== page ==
HP Ink CEO: That $550m Apogee buy was to stop rivals slurping it • The Register

HP Ink CEO: That $550m Apogee buy was to stop rivals slurping it

Oh, and we need A3 sales skillz

Canalys Channels Forum 2018 Spending $550m on Apogee was as much a defensive measure to stop rivals buying the print services dealer as it was to beef up its place in the copier market, HP Inc chief Dion Weisler has said.

HP Ink splashes out on Brit print provider Apogee

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The transaction in August added a chunk of revenues and 824 new members of staff based in the UK, Ireland, Germany and France to HP – which only got into the A3 printer space via its buy of Samsung's printer biz in 2016.

Talking in front of an audience of IT resellers, managed service provider types and disties at Canalys Channels Forum ’18, Weisler responded to a question about the conflict this deal may create with those in its channel that sell copiers.

“When we got into [the A3 contractual market] we had less than 5 per cent market share,” he confirmed. “It’s important that we get to scale quickly. I don’t think you are relevant in a business unless you have 10 per cent market share.”

HP has amassed circa 9 per cent of a market that tends to buy the hardware and supplies under a services contract. “This business operates very differently in the contractual world to how the transactional business operated in the past. It is important for us to understand it intimately.”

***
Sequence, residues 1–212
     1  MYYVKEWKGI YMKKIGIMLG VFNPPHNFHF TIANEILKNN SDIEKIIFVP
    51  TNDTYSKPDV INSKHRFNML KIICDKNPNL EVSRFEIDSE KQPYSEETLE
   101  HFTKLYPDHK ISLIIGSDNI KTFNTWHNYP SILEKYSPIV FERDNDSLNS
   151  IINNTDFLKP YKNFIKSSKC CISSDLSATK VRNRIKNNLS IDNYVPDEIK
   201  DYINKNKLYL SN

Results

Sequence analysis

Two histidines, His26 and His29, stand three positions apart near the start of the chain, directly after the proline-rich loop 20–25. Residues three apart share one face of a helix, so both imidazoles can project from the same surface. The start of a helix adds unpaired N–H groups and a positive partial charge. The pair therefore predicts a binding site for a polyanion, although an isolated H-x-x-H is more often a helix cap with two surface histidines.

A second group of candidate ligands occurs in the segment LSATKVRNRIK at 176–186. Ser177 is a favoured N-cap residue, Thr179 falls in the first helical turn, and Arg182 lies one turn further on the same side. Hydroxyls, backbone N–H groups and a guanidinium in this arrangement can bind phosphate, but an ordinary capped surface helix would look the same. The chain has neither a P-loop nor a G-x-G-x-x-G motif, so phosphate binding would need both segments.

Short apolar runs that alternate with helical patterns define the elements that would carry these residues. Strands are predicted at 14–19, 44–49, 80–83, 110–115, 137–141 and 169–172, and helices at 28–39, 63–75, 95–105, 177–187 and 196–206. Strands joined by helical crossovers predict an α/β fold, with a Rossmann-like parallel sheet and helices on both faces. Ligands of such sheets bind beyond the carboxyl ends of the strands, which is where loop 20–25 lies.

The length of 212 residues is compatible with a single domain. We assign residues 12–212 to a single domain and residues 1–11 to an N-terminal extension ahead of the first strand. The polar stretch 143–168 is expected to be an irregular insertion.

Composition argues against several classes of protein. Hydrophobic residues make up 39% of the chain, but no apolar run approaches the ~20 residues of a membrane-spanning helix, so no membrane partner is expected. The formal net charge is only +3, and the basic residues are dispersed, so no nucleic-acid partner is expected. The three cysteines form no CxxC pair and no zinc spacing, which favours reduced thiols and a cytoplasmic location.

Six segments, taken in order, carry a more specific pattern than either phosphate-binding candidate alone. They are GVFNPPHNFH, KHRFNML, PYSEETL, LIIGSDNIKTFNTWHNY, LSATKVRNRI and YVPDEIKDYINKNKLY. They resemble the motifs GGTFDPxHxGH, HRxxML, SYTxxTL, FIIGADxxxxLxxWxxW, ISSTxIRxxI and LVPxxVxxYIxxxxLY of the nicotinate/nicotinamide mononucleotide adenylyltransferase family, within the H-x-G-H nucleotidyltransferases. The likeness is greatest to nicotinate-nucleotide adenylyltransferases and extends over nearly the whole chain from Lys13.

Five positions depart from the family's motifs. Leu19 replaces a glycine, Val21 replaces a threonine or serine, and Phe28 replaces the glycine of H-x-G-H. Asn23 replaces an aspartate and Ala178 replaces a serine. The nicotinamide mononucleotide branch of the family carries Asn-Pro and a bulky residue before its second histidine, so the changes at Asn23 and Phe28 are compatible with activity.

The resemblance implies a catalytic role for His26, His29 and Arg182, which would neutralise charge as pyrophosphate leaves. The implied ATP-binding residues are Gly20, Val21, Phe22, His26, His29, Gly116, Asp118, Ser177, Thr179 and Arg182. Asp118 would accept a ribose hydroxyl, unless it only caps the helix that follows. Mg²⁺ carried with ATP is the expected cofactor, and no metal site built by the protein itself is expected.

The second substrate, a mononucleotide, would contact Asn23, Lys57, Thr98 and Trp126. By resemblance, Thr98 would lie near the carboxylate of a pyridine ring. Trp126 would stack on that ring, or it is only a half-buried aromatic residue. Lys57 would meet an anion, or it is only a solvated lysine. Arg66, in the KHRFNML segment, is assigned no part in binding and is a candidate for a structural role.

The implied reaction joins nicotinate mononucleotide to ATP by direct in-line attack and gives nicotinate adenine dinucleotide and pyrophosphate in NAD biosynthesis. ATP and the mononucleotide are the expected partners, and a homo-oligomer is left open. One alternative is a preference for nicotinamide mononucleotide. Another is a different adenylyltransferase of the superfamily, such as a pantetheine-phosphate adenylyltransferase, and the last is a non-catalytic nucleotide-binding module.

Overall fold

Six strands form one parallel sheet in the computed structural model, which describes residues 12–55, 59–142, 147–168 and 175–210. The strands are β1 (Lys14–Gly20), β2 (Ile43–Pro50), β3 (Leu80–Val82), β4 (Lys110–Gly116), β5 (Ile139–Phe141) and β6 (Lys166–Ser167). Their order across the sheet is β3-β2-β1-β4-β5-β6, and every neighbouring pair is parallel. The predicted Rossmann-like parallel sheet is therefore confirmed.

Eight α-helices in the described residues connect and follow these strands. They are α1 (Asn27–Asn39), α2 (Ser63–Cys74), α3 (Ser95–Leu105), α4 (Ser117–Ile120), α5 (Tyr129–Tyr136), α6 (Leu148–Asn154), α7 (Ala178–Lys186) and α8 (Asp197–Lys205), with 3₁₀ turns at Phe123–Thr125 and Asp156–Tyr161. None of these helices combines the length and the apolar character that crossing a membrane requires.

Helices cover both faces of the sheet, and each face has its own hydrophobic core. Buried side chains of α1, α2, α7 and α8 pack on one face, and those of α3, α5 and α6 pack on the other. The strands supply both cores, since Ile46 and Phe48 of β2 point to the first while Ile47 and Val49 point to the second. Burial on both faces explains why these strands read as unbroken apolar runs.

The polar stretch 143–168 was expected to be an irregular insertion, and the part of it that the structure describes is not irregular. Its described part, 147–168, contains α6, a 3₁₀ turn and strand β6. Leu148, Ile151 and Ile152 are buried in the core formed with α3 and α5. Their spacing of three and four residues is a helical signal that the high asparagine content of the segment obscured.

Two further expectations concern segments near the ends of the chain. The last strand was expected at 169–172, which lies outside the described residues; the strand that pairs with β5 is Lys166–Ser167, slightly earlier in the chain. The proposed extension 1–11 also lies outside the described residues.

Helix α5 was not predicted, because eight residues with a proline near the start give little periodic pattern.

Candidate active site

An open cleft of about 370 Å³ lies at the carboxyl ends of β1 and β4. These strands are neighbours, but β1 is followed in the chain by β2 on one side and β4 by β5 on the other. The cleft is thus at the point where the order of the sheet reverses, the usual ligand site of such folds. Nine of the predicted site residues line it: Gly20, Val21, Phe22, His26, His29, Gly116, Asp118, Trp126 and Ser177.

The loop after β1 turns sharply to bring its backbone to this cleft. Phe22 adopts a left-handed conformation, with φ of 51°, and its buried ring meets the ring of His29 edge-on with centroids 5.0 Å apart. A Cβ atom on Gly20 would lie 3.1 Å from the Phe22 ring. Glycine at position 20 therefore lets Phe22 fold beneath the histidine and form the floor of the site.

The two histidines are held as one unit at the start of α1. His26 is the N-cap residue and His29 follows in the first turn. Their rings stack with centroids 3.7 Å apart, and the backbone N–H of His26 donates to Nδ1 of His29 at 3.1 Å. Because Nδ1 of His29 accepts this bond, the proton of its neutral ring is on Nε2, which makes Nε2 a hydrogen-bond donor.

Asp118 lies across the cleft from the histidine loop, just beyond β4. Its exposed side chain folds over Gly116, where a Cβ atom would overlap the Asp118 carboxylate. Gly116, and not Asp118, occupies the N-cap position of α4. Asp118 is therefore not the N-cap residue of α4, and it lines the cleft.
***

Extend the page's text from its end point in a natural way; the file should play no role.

Weisler said HP “came across” Apogee “who were for sale” and determined that “if we don’t acquire them one of our competitors will”.

A3 devices and the wider copier market sign contracts for three, five or seven years. “We would be yielding that machine in field population for a very long time. So as ... a defensive move, we acquired Apogee to help us learn and grow and to accelerate our sales there more quickly.”

Apogee was set up to run independently; it has its own board of directors – not HP people – and is getting the same Ts&Cs as other third party HP sellers.

“So I understand that people [in the channel] may be concerned in the room that we are in this business. We still do 87 per cent [business] through the channel and you should expect that we don’t change that composition largely at all.”

Apogee itself bought scandal-struck Danwood in 2017 to form a managed print services giant. Danwood was previously embroiled in an accountancy scandal that saw most of its senior people leave, and accounts restated. ®




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